The diocese of Wakefield which covers Calderdale is be swallowed up under church plans to create a ‘super’ Yorkshire diocese.
Members of the General Synod, the Church’s national assembly which is meeting in York, approved the scheme to dissolve the three existing dioceses of Bradford, Ripon and Leeds and Wakefield and replace them with a single new diocese of Leeds, with a working name of West Yorkshire and the Dales.
The move – which was opposed by the Wakefield diocese – has been prompted by declining congregations, fewer clergy and weakened finances. Under the scheme, there will be a new bishop, the Bishop of Leeds, with two new suffragan, or area, bishops, of Bradford and Huddersfield.
The three existing cathedrals of Bradford, Ripon and Wakefield will remain cathedrals, with Leeds parish church, known as Leeds Minster, made a “pro-cathedral”. The earliest possible date for the new diocese to come into effect is January 1.
The Bishop of Ripon and Leeds, the Rt Rev John Packer, said: “I believe July 8 was a great day for the mission of the Church of England in West Yorkshire and the Dales. We had worked very hard to ensure that the measure for the new diocese is fit for purpose and I believe it to be so.
“The new opportunities for collaborative working need to be seized.
“In our own diocese both our archdeaconries have considerable change with new possibilities and new challenges.
“We need, with our colleagues in Wakefield and Bradford, to demonstrate that we can use the new structures to enhance the mission of the Church.”
Earlier, the General Synod voted to restart the process of introducing women bishops after widespread recriminations over the defeat of legislation last year.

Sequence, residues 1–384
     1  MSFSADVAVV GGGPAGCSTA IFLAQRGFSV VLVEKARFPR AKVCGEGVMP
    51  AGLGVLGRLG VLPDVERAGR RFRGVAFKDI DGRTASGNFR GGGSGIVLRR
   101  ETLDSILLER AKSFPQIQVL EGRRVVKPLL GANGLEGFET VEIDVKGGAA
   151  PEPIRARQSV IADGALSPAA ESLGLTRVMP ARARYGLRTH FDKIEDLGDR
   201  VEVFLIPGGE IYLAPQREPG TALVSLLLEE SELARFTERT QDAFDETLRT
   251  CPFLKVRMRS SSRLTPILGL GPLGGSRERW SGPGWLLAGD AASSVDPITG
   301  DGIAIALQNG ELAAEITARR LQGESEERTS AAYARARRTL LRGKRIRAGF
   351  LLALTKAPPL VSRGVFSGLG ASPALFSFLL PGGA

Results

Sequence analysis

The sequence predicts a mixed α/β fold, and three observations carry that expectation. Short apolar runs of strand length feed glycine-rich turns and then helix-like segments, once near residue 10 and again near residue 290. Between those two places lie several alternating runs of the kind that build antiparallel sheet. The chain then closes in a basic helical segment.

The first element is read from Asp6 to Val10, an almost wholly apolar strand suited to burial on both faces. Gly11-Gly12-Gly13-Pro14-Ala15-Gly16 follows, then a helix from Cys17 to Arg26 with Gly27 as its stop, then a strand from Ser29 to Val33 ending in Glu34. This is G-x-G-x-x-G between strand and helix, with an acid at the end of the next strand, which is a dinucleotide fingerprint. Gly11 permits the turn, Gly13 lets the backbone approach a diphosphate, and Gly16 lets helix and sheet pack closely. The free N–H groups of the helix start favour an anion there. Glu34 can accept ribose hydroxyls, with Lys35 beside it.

The Archbishop of Canterbury admitted more work needs to be done if legislation introducing women bishops is to clear its final hurdle at the General Synod at a potential vote in July or November 2015.
The Most Rev Justin Welby said the General Synod would need to continue “working at it” in its attempts to introduce women bishops into the Church of England, and added: “There is a strong desire to get it done – we aren’t at the stage of saying ‘should we ordain women as bishops’, we are at the stage of saying ‘We are going to ordain women as bishops, how do we go about that?’”
The Bishop of St Edmundsbury and Ipswich, Nigel Stock, said the Church’s bishops viewed the issue as “urgent” and described last November’s decision as “a serious blow to our female clergy”.
But the Rev Rod Thomas, from Plymouth, of the conservative evangelical group Reform, said: “If we go ahead with it, then we will not have achieved that objective of mutual flourishing, because instead of allowing people of my integrity to flourish within the Church there will be a sense of gnawing anxiety on our part if we go down the route as it stands.”
The new push to introduce women bishops comes after the Archbishop of Canterbury spoke of the “significant absence of trust” over the issue within the General Synod.
The Archbishop said: “This is not about whether, but about how, so that women are ordained on exactly the same basis as men and all parts of the Church of England may be enabled to flourish.”